Holding Title to a Vehicle Makes You the “Owner”

“Owned Vehicle” Exclusion Applies to Title Owner

Devan Aslin (“Aslin”) appealed from the judgment of the trial court, finding that Aslin—who was involved in a motorcycle accident—”owned” the motorcycle at issue, and was therefore excluded from underinsured motorist (“UIM”) coverage under three automobile insurance policies Aslin had with Shelter Mutual Insurance Co. (“Shelter”). On appeal, Aslin claims he did not “own” the motorcycle at issue under the Shelter policies, even though the parties agree that he held title to the motorcycle.

Devan Aslin v. Shelter Mutual Insurance CoDevan Aslin v. Shelter Mutual Insurance Co., No. SD36528, Missouri Court of Appeals Southern District Division One (August 5, 2020)


Aslin was operating a 2016 Harley Davidson motorcycle (to which he held title) when another vehicle hit him, causing an accident. Aslin filed a claim against the driver of that vehicle, and settled with her insurance company for policy limits.

Shelter issued three motor vehicle policies (the “Policies”) to Aslin, all of which included UIM coverage of $50,000 per person and $100,000 per accident, subject to designated exclusions.

Aslin filed suit against Shelter, claiming Shelter owed him UIM coverage under the Policies. The policies all contained the same exclusion for vehicles “owned” by an insured. The Policies’ relevant exclusion, as applicable here, stated: “(2) If any part of the damages resulted from bodily injury sustained while the insured was occupying a motor vehicle other than the described auto, owned by any insured, spouse, or a resident of any insured’s household.”

After both parties filed motions for summary judgment the trial court entered judgment in favor of Shelter..

In his sole point relied on, Aslin asserts the trial court erred in finding that the owned-vehicle exclusion in the Policies applied to Aslin because the definition of “own” in the Policies did not apply to him, and that he was therefore owed UIM coverage under the Policies.


Aslin argued that the trial court erred in granting judgment in favor of Shelter because Aslin did not “own” the motorcycle as defined in their policy and therefore the owned-vehicle exclusion did not apply to him.

As relevant here, the Policies define “own” as: “Own means the person referred to holds the legally recognized title to … the person in possession of the vehicle, if that person: (a) Has the right to purchase it upon performance of conditions stated in a conditional sale agreement; (b) Is a lender entitled to possession of it based on the terms of a loan secured by that vehicle, or (c) Is a lessor entitled to possession of it based on a lease agreement for that vehicle.”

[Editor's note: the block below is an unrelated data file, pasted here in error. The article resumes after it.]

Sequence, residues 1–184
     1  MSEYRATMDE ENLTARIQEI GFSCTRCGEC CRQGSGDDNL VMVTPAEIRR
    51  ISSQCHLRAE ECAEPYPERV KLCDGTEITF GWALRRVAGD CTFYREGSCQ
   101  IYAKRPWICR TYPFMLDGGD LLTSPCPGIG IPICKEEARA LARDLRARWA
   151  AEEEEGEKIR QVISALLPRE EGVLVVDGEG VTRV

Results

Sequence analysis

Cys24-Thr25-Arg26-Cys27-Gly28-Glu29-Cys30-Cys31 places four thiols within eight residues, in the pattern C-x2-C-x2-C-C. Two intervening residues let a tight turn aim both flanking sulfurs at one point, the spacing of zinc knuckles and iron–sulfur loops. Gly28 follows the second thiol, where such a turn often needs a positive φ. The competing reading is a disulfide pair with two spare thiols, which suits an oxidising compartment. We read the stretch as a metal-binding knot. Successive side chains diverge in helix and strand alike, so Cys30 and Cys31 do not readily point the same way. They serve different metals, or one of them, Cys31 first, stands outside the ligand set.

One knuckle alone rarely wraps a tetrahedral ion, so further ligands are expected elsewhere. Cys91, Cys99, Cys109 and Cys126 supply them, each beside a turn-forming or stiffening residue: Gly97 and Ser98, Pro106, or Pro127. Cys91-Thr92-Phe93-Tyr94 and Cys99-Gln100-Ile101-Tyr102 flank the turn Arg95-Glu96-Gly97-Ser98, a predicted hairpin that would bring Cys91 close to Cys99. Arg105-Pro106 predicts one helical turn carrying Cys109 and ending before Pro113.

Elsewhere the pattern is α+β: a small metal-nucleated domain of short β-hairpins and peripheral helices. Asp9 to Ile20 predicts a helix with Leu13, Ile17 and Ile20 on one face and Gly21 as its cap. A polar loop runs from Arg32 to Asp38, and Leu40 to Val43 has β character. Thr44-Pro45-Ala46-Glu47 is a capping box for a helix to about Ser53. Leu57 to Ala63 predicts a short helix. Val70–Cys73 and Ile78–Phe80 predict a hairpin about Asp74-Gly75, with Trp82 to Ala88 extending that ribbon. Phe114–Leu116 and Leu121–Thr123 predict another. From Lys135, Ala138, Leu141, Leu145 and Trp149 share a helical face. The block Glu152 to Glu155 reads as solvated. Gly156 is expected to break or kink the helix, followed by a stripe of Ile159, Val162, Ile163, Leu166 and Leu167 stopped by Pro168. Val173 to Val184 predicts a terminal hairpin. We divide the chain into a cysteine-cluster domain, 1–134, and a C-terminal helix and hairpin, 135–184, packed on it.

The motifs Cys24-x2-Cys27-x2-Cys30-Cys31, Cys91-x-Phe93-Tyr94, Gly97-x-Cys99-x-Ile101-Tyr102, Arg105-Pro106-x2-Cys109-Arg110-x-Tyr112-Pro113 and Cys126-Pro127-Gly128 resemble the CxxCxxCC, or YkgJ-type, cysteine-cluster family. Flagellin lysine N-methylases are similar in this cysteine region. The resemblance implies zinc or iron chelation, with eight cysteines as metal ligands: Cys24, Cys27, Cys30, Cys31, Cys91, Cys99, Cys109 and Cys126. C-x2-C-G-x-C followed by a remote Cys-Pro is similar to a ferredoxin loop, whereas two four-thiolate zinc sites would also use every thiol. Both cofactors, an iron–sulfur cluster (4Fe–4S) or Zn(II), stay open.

As our Supreme Court indicated in Seaton v. Shelter Mut. Ins. Co., 574 S.W.3d 245 (Mo. banc 2019): “To ‘own’ a motor vehicle the person only has to hold title to it and may do so in conjunction with other owners.”  Terms within an insurance policy do not become ambiguous merely due to the presence of an exclusion. The insurance policies’ plain language indicates UIM coverage will not be provided for a relative who owns a motor vehicle. Seaton admitted Decedent was an owner of a motor vehicle. Based upon the insurance policies’ plain language, it is

Aslin failed to demonstrate that the trial court erred in finding that Aslin owned the motorcycle at issue, and was therefore excluded from UIM coverage under the Policies.


The appellate court had no choice but to rule in favor of the insurer since its Supreme Court held that a person who holds title to a vehicle owns it. Aslin stipulated that he held title to the Harley at the time of the accident. He was, therefore, the owner and the clear and unambiguous exclusion applied.

© 2020 – Barry Zalma

Barry Zalma, Esq., CFE, now limits his practice to service as an insurance consultant  specializing in insurance coverage, insurance claims handling, insurance bad faith and insurance fraud almost equally for insurers and policyholders. He also serves as an arbitrator or mediator for insurance related disputes. He practiced law in California for more than 44 years as an insurance coverage and claims handling lawyer and more than 52 years in the insurance business. He is available at http://www.zalma.com and zalma@zalma.com.

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